Peter Singer thinks Google is in the wrong here, but what does he know about ethics anyway? He's probably an alt-right misogynist.
Why Google was wrong: Did James Damore really deserve to be fired for what he wrote?
PETER SINGER AUG 10, 2017 8:56 AM
James Damore, a software engineer at Google, wrote a memo in which he argued that there are differences between men and women that may explain, in part, why there are fewer women than men in his field of work. For this, Google fired him.
Google’s CEO, Sundar Pichai, sent Google employees a memo saying that “much of what was in that memo is fair to debate,” but that portions of it cross a line by advancing “harmful gender stereotypes in our workplace.”
Pichai did not specify which sections of the memo discussed issues that are fair to debate, and which portions cross the line. That would have been difficult to do, because the entire memo is about whether certain gender stereotypes have a basis in reality.
Damore argues that there is evidence to show that women, when compared to men, tend to:
-be more interested in people
-be less interested in analyzing or constructing systems
-have higher anxiety and lower tolerance of stress
-have a lower drive for status
-be more interested in balancing life and work
Damore is careful to point out that the evidence for these claims does not show that all women have these characteristics to a higher degree than men. He says that many of these differences are small, that there is significant overlap between men and women, and that “you can’t say anything about an individual given these population level distributions.” He shows this with a graph, too. He says that to reduce people to their group identity is bad.
There is scientific research supporting the views Damore expresses. There are also grounds for questioning some of this research. In assessing Google’s action in firing Damore, it isn’t necessary to decide which side is right, but only whether Damore’s view is one that a Google employee should be permitted to express.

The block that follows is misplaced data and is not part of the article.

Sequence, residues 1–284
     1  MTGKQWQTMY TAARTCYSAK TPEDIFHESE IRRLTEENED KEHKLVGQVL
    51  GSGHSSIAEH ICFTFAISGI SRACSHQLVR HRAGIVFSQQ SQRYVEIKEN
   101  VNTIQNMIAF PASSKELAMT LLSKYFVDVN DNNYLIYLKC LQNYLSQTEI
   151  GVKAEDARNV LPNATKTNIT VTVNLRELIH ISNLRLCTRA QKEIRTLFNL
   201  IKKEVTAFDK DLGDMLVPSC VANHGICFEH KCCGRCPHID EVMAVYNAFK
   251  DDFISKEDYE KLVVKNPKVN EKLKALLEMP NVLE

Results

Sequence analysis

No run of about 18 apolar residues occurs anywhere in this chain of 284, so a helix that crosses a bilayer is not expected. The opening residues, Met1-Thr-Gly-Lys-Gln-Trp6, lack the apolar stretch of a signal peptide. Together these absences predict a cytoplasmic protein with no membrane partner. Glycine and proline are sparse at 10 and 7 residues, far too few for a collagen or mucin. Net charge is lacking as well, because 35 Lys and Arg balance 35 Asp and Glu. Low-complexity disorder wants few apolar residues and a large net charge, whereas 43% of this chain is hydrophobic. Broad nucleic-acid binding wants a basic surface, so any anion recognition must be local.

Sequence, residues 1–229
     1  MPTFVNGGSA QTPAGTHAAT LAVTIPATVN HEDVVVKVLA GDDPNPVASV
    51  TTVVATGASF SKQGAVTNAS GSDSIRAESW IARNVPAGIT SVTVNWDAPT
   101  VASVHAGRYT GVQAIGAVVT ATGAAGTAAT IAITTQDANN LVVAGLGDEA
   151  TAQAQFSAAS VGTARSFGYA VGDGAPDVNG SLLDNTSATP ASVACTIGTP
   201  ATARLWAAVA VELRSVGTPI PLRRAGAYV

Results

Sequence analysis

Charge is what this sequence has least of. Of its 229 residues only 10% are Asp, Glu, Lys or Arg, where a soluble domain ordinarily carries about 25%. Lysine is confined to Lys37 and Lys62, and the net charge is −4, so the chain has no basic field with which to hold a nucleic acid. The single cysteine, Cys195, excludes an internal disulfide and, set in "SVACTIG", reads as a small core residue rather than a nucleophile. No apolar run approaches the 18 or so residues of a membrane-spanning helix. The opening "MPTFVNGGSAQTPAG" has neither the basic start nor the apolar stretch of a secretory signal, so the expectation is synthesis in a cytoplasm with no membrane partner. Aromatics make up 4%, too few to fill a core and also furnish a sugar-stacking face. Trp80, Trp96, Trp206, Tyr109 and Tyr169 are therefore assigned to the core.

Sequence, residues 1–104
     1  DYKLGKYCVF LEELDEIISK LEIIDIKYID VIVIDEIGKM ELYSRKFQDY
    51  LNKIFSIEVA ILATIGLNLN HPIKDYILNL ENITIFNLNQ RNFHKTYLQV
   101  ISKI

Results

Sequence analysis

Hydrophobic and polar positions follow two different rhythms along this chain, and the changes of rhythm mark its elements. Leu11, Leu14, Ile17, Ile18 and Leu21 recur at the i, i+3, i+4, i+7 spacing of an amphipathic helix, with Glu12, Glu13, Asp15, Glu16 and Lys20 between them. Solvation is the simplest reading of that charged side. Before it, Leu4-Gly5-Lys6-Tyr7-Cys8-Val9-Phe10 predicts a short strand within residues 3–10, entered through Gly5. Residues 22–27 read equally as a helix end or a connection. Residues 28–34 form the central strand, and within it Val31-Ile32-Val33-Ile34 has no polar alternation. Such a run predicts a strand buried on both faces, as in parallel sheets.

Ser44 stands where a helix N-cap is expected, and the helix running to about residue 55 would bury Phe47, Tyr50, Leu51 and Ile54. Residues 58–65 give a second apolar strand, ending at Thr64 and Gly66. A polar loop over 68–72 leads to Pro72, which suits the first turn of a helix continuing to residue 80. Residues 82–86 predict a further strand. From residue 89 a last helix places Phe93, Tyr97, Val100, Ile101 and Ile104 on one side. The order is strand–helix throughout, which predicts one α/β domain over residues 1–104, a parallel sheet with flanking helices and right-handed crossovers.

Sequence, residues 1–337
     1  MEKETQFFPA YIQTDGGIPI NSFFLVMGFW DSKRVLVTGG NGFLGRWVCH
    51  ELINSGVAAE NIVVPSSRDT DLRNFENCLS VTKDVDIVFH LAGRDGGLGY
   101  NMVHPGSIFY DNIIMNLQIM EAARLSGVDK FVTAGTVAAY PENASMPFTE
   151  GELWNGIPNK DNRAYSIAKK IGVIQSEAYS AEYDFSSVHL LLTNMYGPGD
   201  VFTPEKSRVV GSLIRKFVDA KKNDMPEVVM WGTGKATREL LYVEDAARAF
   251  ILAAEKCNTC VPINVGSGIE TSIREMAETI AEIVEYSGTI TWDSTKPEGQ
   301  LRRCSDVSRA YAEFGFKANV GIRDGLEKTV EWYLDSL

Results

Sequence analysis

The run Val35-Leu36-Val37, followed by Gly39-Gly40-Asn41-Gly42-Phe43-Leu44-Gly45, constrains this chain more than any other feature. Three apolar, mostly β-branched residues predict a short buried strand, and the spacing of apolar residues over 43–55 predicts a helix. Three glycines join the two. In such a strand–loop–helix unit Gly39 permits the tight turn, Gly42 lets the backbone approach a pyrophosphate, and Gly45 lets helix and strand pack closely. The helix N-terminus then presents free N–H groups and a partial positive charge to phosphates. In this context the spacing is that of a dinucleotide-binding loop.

I think it is. First, as I’ve said, it is not some twisted, crazy view. There are serious articles, published in leading peer-reviewed scientific journals, supporting it.
Second, it addresses an important issue. Google is rightly troubled by the fact that its workforce is largely male. Sexism in many areas of employment is well-documented. Employers should be alert to the possibility that they are discriminating against women, and should take steps to prevent such discrimination. Some orchestras now conduct blind auditions — the musician plays from behind a screen, so that those making the appointment do not know if they are listening to a man or a woman. That has led to a dramatic increase in the number of women in orchestras. More businesses should look at the possibilities of similarly blinding themselves, when hiring, to the gender of applicants.
But once such anti-discrimination measures have been taken, to the greatest extent feasible, does the fact that a workforce in a particular industry is predominantly male prove that there has been discrimination? Not if the kind of work on offer is likely to be attractive to more men than to women.
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